Mathematics is "a language that can neither be read nor understood without initiation". (Edward Rothstein, Emblems of Mind, Avon Books, page 15).
A reading protocol is a set of strategies that a reader must use in order to benefit fully from reading the text. Poetry calls for a different set of strategies than fiction, and fiction a different set than non-fiction. It would be ridiculous to read fiction and ask oneself what is the author's source for the assertion that the hero is blond and tanned; it would be wrong to read non-fiction and not ask such a question. This reading protocol extends to a viewing or listening protocol in art and music. Indeed, much of the introductory course material in literature, music and art is spent teaching these protocols.
Mathematics has a reading protocol all its own, and just as we learn to read literature, we should learn to read mathematics. Students need to learn how to read mathematics, in the same way they learn how to read a novel or a poem, listen to music, or view a painting.
When we read a novel we become absorbed in the plot and characters. We try to follow the various plot lines and how each affects the development of the characters. We make sure that the characters become real people to us, both those we admire and those we despise. We do not stop at every word, but imagine the words as brushstrokes in a painting. Even if we are not familiar with any particular word, we can still see the whole picture. We rarely stop to think about individual phrases and sentences. Instead, we let the novel sweep us along with its flow and carry us swiftly to the end. The experience is rewarding, relaxing and thought provoking.
Novelists frequently describe characters by involving them in well-chosen anecdotes, rather than by describing them by well-chosen adjectives. They portray one aspect, then another, then the first again in a new light and so on, as the whole picture grows and comes more and more into focus. This is the way to communicate complex thoughts that defy precise definition.
Both a mathematics article and a novel are telling a story and developing complex ideas. The greatest difference is that a math article does the job with a tiny fraction of the words and symbols of those used in a novel. Mathematical ideas are by nature precise and well defined, so that a precise description is possible in a very short space.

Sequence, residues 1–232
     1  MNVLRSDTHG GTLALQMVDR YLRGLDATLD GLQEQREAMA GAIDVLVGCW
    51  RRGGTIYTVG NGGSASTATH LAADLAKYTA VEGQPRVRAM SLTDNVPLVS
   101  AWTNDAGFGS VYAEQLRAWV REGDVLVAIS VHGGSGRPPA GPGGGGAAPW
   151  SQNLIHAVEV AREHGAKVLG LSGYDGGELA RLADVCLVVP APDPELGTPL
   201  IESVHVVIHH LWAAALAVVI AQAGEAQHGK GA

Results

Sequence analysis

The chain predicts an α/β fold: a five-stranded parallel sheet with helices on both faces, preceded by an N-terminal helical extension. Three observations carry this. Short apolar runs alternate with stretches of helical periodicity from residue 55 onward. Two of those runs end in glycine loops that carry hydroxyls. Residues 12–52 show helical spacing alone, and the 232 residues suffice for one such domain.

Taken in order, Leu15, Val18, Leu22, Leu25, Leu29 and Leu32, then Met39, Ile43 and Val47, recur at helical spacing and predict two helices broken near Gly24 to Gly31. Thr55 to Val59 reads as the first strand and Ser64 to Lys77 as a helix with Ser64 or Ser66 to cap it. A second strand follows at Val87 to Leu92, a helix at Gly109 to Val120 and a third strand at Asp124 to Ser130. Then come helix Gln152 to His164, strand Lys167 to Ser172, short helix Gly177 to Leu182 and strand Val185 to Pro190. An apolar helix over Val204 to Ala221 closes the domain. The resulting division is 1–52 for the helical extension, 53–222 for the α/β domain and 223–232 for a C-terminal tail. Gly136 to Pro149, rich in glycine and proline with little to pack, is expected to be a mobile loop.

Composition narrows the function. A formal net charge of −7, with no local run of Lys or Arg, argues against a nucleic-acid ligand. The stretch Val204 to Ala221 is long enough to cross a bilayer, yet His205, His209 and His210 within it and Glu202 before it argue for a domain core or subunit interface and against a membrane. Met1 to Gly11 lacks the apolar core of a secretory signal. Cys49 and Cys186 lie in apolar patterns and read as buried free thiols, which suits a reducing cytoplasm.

The beauty in a novel is in the aesthetic way it uses language to evoke emotions and present themes which defy precise definition. The beauty in a mathematics article is in the elegant efficient way it concisely describes precise ideas of great complexity.What are the common mistakes people make in trying to read mathematics? How can these mistakes be corrected?"
I assume this chart is mostly self-explanatory. Seems to me that we have a diverse and inclusive array of Treasury-security owners spanning the globe, but concentrated in the USA. Click to enlarge.
The defining objective of a market-neutral portfolio is that its returns have low correlation to the broader market. Investors use such funds as a diversifier to their other investments in equities. Low-correlation between assets improves their diversification value. In practical terms, increased diversification means that you can achieve a higher return for the total amount of portfolio risk."direct link
Build Wealth And Sleep Well At Nightby Ted Allrich
St. Martin's Press
You can invest without stress. With this new book, Ted Allrich of The Online Investor explains how to build a Core Portfolio and what you must know to understand the stock market. He takes his 35 years of investing experience and gives you the insights into Wall Street that make the difference between success and failure.
Once you've read Comfort Zone Investing, the market can do what it wants. Down 200 points in a day won't bother you. You'll be in your Comfort Zone, building wealth and sleeping well.For more details on the book by chapters, click here.